Surviving family members in Georgia can also receive up to $7,500 through workers’ compensation for funeral and burial expenses.
So, Does Workers’ Compensation Pay Full Salary in Georgia?
As you can see from the above information, the answer is clearly “no.” However, we find that regular payments at two-thirds of full salary help many workers support themselves (and their families) while they are away from work getting treatment. Most workers’ have the right to these workers’ compensation benefits, and, in some situations, they may need legal help to get them.
After you are hurt in an accident, you will need to file a workers’ comp claim to seek the benefits you deserve. At this point, you are dealing less with your employer and more with the insurance company providing the workers’ comp policy. Unfortunately, insurance companies will look for any opportunity to reduce what they pay on a claim.
You will need to advocate for yourself after a work injury to ensure you are getting the benefits you deserve.
How to Make Sure Workers’ Compensation Pays a Portion of Your Salary (and Other Benefits)
Here are some steps we recommend you take after a work accident where you become injured. Although your employer should help you get access to your benefits, there are situations where it becomes difficult. Make sure you are doing the following after your injury.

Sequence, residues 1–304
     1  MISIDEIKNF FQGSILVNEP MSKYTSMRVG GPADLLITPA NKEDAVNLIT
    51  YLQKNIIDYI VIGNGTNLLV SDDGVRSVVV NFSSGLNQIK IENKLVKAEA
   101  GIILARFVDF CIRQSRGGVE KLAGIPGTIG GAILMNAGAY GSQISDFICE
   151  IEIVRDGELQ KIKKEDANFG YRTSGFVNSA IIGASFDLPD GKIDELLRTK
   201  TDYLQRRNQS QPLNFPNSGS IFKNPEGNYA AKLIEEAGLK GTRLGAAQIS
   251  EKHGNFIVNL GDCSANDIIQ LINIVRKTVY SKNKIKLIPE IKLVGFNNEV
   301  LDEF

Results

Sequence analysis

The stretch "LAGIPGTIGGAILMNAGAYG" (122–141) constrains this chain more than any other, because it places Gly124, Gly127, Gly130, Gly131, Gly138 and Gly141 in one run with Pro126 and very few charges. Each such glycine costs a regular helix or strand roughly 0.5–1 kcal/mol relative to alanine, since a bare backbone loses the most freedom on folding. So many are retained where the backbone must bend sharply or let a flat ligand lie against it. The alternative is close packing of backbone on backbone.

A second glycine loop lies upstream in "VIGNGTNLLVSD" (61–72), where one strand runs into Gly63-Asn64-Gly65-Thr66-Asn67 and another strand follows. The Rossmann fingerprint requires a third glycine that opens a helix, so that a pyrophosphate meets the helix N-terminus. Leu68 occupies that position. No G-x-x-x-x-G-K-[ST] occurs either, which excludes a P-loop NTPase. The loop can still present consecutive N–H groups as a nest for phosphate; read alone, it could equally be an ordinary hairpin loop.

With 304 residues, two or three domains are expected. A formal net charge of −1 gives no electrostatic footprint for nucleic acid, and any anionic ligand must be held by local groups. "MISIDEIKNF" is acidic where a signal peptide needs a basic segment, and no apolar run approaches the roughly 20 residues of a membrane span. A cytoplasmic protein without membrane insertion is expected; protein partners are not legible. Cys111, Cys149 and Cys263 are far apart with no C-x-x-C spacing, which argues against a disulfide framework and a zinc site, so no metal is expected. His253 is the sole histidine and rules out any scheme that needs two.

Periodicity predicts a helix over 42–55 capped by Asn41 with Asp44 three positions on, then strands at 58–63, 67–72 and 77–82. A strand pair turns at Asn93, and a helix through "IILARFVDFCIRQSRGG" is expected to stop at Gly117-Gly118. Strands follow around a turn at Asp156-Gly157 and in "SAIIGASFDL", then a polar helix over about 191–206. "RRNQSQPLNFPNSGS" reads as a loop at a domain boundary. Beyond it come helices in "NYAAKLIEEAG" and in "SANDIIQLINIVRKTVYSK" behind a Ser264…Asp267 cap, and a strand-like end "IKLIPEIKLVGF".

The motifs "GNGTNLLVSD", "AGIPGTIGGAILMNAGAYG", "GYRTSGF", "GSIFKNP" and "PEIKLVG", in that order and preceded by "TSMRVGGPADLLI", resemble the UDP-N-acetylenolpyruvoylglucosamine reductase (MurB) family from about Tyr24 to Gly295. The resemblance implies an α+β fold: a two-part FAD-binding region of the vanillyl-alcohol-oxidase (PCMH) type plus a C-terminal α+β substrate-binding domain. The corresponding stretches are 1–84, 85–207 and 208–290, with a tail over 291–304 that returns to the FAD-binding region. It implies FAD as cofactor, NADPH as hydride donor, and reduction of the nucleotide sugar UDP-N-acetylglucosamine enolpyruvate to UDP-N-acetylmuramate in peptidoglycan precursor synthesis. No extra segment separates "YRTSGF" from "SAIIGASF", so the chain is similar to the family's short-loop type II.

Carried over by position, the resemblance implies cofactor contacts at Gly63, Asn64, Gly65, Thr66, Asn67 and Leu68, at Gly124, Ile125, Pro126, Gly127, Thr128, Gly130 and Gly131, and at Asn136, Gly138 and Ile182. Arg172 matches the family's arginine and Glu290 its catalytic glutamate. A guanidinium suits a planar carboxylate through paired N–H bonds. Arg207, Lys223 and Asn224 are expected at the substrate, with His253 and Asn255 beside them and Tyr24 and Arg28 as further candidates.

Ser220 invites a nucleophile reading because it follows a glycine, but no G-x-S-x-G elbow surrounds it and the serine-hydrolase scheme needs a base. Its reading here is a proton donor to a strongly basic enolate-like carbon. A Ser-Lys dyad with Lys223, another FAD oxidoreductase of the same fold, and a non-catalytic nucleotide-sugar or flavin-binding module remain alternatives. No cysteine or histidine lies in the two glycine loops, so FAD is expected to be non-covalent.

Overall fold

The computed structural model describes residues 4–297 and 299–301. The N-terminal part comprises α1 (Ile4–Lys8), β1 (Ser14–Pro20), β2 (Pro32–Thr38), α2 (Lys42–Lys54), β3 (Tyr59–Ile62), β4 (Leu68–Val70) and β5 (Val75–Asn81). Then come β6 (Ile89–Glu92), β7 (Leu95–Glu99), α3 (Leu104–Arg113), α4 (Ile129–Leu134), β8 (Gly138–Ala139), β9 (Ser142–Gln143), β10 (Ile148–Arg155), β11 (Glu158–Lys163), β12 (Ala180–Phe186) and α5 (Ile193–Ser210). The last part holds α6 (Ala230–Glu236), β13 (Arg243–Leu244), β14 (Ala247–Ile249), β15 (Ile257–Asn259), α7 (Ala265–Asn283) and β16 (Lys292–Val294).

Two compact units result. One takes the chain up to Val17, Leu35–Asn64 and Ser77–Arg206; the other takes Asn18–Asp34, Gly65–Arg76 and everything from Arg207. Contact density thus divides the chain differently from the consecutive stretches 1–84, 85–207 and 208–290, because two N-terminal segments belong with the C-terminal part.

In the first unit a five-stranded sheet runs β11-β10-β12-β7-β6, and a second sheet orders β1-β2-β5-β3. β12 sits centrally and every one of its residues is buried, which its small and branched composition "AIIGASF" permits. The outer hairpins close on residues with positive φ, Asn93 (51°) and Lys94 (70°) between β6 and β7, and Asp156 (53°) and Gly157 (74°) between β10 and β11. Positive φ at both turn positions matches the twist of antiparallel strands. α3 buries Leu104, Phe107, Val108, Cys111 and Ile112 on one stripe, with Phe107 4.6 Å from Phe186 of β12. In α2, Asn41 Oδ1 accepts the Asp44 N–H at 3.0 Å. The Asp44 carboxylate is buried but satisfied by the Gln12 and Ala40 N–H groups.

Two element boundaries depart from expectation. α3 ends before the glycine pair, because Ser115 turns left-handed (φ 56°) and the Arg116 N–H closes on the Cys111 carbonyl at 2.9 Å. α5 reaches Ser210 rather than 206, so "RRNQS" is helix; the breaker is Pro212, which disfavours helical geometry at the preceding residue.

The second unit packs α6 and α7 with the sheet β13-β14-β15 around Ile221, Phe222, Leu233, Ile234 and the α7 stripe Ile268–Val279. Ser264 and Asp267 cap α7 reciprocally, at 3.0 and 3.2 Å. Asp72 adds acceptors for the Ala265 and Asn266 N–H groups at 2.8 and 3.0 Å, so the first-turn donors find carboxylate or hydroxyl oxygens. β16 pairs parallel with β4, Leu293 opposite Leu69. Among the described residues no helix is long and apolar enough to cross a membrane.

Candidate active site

Report the Work Injury
After you are hurt, report the accident to your supervisor immediately. If you wait over a month to report what happened, you could lose your benefits completely. It’s best to notify your employer about the injury as soon as possible while everything is fresh in your mind.
File Your Workers’ Compensation Claim
In Georgia, injured workers will need to fill out a Form WC-14 and file it with the State Board of Workers’ Compensation. You’ll also need to send a copy to your employer and insurance company that provides their workers’ comp.
Get Medical Treatment (and Follow Treatment Plans)
Your employer is legally required to provide a list of at least six doctors that you can choose from for your treatment. You should only see one of these authorized physicians. Otherwise, your medical costs may not be covered.
If your injuries are life-threatening and you are required to get emergency medical treatment, the number one priority is your well-being. In most cases, emergency costs will be covered even if you see another licensed physician.
Also, make sure you are following all treatment plans as outlined by your doctor. Failure to keep up with your treatment may result in you losing certain benefits.
Keep Track of Missed Work Time
Record all of the time that you must miss work because of your work injuries—beginning with the first day. You will need this information if you are entitled to weekly wages.
Call a Workers’ Compensation Lawyer
It’s a smart move to also call an experienced workers’ compensation lawyer in Georgia. It’s all-too-common for insurance companies or employers to deny a worker’s claim. A lawyer can make sure your rights are upheld and that you’re doing everything you can to support yourself.
Talk to a Georgia Workers’ Compensation Lawyer for Free Today
Don’t miss out on the full workers’ compensation benefits that are your legal right in Georgia—including two-thirds of your full salary. John Foy & Associates can help. We have 20 plus years of experience assisting injured workers. Call us today for a FREE consultation and case evaluation at (404) 400-4000 or contact us online.